Home

Connections
in Space

Topology

The Euler Number

Tessellations

Home
Contact Info
Navigating the Site Credits Links

Topology is often described as 'rubber sheet' geometry. This is because topology is about the general overall properties of shapes that remain unchanged as the shape is stretched and distorted. The shape can be stretched in any way imaginable, but as long as it is not torn, then it is regarded as topologically the same object. To a topologist a sphere is exactly equivalent to an ellipsoid, as is a cube, dodecahedron or other convex polyhedron. (Convex polyhedra are polyhedra whose faces do not penetrate the interior of the polyhedron.)

Metrical properties, such as the distance between two points on a surface, clearly do not interest topologists, as these properties can change dramatically when the surface is stretched. What topologists want to find are mathematical properties that do not change when the shape is stretched.

The most famous of these topological invariants, as they are called, was discovered by the great 18th Century Swiss mathematician Leonhard Euler (pronounced Oiler). He found a number, now known as the Euler number, that remains the same for all convex polyhedra. This number is simply F - E + V, where F is the number of face, E is the number of edges and V is the number of vertices of the polyhedron.

For instance, a cube has 6 faces, 12 edges and 8 vertices, so its Euler number is 2. Likewise, a dodecahedron has 12 faces, 30 edges and 20 vertices, so its Euler number is also 2. In fact, all convex polyhedra have an Euler number of 2.

No amount of stretching a sphere will transform its shape into a tyre or torus. The torus has a hole through it, topologists refer to the number of holes in a surface as the genus of the surface. So a torus has genus one, whereas a sphere has genus zero. If we examine a polyhedral representation of a torus, as shown in the animation above; this polyhedron has 16 faces, 32 edges and 16 vertices, so its Euler number, which is 16 - 32 + 16, equals zero. The Euler number is different to the Euler number of a convex polyhedron.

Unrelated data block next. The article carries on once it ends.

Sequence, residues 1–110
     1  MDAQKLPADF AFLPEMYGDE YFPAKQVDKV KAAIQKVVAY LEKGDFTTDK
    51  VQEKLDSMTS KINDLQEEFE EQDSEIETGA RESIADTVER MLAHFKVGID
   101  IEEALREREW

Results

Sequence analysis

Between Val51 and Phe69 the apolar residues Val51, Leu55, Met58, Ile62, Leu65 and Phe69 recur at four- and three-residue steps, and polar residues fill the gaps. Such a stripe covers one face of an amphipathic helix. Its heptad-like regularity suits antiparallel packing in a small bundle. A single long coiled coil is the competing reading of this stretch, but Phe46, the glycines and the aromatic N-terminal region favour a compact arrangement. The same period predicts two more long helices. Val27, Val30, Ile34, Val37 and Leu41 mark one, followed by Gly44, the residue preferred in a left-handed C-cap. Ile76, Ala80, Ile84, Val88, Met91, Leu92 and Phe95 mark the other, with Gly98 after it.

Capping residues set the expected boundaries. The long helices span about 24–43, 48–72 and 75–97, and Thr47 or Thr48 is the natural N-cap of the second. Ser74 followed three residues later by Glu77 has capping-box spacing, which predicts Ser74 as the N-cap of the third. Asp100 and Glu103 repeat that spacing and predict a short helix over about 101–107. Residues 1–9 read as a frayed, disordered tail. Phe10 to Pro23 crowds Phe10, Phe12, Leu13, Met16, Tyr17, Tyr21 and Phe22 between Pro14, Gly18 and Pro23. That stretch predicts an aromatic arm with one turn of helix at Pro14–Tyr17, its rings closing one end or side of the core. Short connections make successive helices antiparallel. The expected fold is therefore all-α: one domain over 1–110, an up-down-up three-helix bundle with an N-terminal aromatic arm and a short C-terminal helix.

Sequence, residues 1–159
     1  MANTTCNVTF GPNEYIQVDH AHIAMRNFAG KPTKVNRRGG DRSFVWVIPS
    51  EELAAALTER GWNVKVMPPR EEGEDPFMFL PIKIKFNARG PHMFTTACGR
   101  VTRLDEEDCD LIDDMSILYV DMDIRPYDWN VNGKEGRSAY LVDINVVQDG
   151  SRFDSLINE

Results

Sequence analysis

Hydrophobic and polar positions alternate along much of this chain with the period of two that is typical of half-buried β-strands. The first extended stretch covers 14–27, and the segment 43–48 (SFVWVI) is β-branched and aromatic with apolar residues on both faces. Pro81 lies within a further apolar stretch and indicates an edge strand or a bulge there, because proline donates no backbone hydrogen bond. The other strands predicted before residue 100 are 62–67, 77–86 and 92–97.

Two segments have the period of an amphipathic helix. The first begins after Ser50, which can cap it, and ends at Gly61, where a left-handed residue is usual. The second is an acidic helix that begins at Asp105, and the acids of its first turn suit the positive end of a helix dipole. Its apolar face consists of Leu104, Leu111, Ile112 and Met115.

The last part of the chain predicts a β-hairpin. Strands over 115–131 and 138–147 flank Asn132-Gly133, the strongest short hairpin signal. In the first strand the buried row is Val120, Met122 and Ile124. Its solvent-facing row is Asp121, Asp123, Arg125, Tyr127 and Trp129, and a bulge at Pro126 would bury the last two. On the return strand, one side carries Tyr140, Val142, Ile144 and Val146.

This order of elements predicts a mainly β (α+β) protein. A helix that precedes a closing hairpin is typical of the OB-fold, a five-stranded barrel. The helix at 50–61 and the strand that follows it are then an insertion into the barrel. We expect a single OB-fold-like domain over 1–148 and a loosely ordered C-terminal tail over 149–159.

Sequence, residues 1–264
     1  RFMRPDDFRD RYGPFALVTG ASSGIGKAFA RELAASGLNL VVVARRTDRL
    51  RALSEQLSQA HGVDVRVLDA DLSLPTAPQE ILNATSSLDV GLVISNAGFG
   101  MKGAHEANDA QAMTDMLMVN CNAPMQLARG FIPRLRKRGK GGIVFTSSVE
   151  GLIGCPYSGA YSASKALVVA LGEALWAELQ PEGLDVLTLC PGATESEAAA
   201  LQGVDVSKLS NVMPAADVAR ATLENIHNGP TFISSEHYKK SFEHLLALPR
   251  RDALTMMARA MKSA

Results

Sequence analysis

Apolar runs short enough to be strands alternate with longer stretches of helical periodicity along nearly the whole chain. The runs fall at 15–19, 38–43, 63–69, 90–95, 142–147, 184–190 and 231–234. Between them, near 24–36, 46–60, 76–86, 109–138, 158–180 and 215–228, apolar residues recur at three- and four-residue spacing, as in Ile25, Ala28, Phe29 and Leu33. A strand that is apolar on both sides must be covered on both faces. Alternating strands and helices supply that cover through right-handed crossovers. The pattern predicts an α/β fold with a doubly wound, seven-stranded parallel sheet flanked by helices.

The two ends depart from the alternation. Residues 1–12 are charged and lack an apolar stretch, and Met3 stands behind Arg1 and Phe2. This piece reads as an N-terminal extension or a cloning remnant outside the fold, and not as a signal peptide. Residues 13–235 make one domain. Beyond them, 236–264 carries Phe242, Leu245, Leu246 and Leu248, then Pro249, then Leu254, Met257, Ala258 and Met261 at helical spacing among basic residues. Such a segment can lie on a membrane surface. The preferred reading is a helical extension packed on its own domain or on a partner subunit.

If we take two copies of the torus-shaped polyhedron, remove an outer face from each polyhedron and join them together along their open edges we can produce a polyhedron with genus two. We can now work out the Euler number of the new polyhedron.

The Euler number of the two toroidal polyhedra was twice zero, which is zero. But we discarded two faces, so this gives us an Euler number of minus two. (We also merged four edges and four vertices when we merged the two tori together, but this cancels out because both E and V are decreased by four.) The Euler number of a genus two surface is therefore -2. In general increasing the genus by one decreases the Euler number by two.

Text and animations by Nick Mee from the CD-ROM 'Life, the Universe and Mathematics' published by Virtual Image.